That newspaper ad is incredible. The “Young at heart” tag is also very spooky; I’ve had things like that coincidence occur many, many times during my life. One of the most recent events was when I bought the Hydroglove business. The previous owner has a few videos of the dry suit on youtube with his niece as the model. The videos were filmed at a reservoir in Boise, ID, where the PO lived. I bought the business and moved it to Phoenix, AZ. The coincidental part is that when I looked closely at the youtube videos (use search term Hydroglove), his niece was wearing an Arizona State University sweatshirt!

I guess I should also reveal that I traded in another Ford when I bought that Eliminator. It was a 1969 Ford Cobra Jet C-6 with about 25,000 miles. To this day, I do not know what model it was since the only badges on the car were on the hood scoop “Cobra Jet”; fastback Fairlane? I do remember walking out of the sales office, new car keys in hand, and the service manger approached me and mentioned he had some headers and some pinned Halibrand wheels with slicks that would “probably” fit on my car. Gee, I wonder how he knew that?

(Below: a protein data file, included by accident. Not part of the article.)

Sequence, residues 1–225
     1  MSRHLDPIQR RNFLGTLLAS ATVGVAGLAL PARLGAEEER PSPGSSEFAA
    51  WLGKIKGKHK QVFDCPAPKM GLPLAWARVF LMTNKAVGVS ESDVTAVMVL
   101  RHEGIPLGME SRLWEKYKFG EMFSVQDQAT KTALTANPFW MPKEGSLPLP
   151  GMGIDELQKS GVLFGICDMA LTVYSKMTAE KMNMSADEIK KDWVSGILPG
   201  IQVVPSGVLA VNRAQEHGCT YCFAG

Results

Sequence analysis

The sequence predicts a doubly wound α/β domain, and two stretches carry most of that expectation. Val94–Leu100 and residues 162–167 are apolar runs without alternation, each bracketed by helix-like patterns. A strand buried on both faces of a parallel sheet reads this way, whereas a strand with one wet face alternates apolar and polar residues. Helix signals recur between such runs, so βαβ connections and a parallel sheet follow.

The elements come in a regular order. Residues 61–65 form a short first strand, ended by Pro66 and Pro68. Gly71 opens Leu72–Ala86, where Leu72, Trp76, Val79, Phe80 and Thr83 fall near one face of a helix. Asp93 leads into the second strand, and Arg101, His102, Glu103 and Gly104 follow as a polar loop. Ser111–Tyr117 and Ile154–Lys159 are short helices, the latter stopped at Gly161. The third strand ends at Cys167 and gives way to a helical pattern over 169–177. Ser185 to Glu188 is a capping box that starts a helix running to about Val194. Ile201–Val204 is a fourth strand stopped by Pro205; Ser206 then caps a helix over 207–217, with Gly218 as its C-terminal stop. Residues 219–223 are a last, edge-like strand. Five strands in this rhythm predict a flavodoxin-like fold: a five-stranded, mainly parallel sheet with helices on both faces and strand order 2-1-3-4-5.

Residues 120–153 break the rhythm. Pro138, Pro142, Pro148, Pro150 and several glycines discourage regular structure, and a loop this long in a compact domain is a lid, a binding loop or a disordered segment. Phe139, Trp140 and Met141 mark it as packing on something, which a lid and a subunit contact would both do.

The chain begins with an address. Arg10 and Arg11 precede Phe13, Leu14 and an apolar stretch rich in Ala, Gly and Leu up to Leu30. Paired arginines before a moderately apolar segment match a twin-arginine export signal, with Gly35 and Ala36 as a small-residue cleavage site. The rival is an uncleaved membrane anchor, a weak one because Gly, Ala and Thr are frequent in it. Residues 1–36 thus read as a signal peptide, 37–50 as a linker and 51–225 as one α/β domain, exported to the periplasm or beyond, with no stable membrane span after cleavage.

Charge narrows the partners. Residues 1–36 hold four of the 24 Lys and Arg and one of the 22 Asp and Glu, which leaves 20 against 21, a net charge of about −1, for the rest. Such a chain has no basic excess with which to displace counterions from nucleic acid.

Thanks again for posting that newspaper ad. Blows me away.


Chuck’s story does appear in the Eliminator Book.

This is an awesome story! And then the newspaper ad to top it off!!! What are the channces?

Not sure about where to ask this but I noticed a depression in the center of the front of the frame. Is this normal or did someone in the past lift the car with a ball-screw jack?

I guess it’s a damage caused by a jack. At least I’ve never seen that on any of the cars I’ve restored.

My car had a bit of damage in that area too, and the bottom of the valence and strut rod channels were bent up too. I think most was due to a parking bumper or curb hit. But there is also a small dent like that in the middle that looks like it’s from a jack. Love the story of Top Cat!

sure looks like jack or curb damage. Mine was beat up here as well and took some straightening which I still need to clean up some.

Thanks all.

The next question deals with the lower radiator brackets that seem to be symmetrically bent on either side of car (see pics below). Should the lower portion of these guys be straight?

The other side is also bent the same way. They can be straightened, if necessary but how should they look?

Thanks in advance,

There are some good images on the WCCC website

You will either need to straighten them or replace them. The way that they are bent now they are not usable. No way that you can rest the lower radiator tank on them with them bent under the crossmember.

Randy Goodling
CCOA #95